One of the things I love most about my job is seeing the sparkle of wonder that lights in a person’s eye when they discover something amazing about an object they see everyday. There’s nothing quite like watching people suddenly see the world in a whole new light.
Trembling aspen are one of those amazing everyday things. They’re a ubiquitous tree, found in all Canadian provinces and with a range stretching south along the Rockies as far as Mexico. Where I live on the border of the boreal forest and aspen parkland, these often spindly, pale poles are everywhere, making up the bulk of smaller forest patches and bringing a welcome contrast to the dark green of the spruces and firs.
To most people, they’re unremarkable, row upon row of white-grey trunks, stark against the winter’s snow, often blending into the background. To me, however, they’re the above-ground manifestation of a complex and sometimes enormous network.
Trembling aspen are clonal. Although they can produce seeds, they very rarely germinate and most of their propagation is achieved through roots shooting up new trees and colonizing open areas. An entire woodlot can be made up of one genetic individual, all connected by the same set of roots. The easiest way to spot a clonal colony is in the early spring or fall. Look for that group of trees that have leafed out or turned yellow before all the rest. That’s all one individual. In fact, the heaviest living organism in the world (weighing in at an estimated 6000 tons) is an aspen clone in Utah named Pando (The Trembling Giant).
Aspen have likely evolved this form of reproduction as a way of dealing with fires, which is the main force driving the dynamics of the boreal forest and the parkland to the south. Aspen, or white poplar as they are sometimes called, are excellent colonizers. Around here, they’re the first tree to re-establish after a fire. Most blazes that rip through a forest don’t burn at an overly hot temperature and while they kill off the most of the vegetation on the surface, they usually leave the roots intact. Once the fire has passed, the aspen roots are instrumental in stabilizing the remaining soil and fixing raw nutrients, like nitrogen, so that it can then be used by other organisms.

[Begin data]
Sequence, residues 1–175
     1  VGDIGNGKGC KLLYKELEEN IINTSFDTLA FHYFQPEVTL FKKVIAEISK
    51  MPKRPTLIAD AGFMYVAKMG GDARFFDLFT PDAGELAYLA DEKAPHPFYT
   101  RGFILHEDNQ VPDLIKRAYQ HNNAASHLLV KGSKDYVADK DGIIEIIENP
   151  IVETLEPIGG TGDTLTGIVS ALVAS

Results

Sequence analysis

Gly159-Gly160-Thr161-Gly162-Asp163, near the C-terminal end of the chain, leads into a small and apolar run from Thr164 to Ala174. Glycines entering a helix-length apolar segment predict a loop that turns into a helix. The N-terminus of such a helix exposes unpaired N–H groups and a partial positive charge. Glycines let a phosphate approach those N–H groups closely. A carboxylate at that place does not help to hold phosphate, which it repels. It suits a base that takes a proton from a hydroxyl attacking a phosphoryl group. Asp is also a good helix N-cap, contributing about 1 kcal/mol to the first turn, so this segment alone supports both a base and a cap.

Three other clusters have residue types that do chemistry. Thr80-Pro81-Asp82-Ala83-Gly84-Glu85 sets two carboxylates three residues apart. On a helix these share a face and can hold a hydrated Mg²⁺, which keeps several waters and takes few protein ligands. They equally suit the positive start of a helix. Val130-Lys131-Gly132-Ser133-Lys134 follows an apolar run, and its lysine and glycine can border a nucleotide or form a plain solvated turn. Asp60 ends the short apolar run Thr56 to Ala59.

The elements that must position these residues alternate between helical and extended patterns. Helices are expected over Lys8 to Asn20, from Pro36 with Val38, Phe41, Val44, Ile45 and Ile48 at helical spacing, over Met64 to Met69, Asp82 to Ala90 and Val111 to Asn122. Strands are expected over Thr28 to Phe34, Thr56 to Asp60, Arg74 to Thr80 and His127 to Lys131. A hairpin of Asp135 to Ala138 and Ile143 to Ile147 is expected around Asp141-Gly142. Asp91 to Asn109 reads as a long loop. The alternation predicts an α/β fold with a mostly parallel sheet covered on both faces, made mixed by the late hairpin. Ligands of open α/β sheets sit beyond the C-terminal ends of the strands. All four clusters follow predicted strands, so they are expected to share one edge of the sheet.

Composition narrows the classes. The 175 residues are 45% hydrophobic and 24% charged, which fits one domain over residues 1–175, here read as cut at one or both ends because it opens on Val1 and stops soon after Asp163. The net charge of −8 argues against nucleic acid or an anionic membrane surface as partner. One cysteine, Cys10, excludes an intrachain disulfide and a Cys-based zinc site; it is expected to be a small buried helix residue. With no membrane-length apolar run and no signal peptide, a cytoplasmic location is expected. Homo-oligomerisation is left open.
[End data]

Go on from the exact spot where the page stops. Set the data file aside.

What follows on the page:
This regular disturbance by fire is actually very important for the long-term viability of an aspen clone. Each individual tree (ramet) isn’t particularly long-lived, and usually die back after about 200 years. Fire cleans out the dead wood. It also kills back shade-tolerant species like white spruce and balsam fir that would ultimately take over the forest through succession, beating back the aspen.
Being part of a clone definitely has its advantages. With all the trees connected, they can take advantage of localized resources, such as water and nutrients, moving them from rich areas throughout the entire clone so all the trees can survive.
One might think that with the ability to produce infinite copies of oneself, an aspen clone could live forever. In theory, I suppose it would be possible. Although a 200 year life-span for each individual ramet isn’t especially long in the world of trees, a clone can live for thousands of years. In fact, that clone in Utah is estimated to be over 80,000 years old. However, a recent study done in San Diego has shown that as clones get older, their ability to produce pollen and thus reproduce sexually, eventually disappears as a result of a build up of genetic mutations over millennia. Without the ability to produce viable seeds, the clone becomes vulnerable. If disease or succession or an especially hot fire were to wipe out the clone, it would have been unable to create a new generation before succumbing.
Still, considering some aspen clones have been around since before North America saw its first humans, I’d say they’re doing fairly well with their current life history strategy. Every time I wander among their ghostly pillars, I can’t help but wonder at all they’ve seen. If only trees could talk…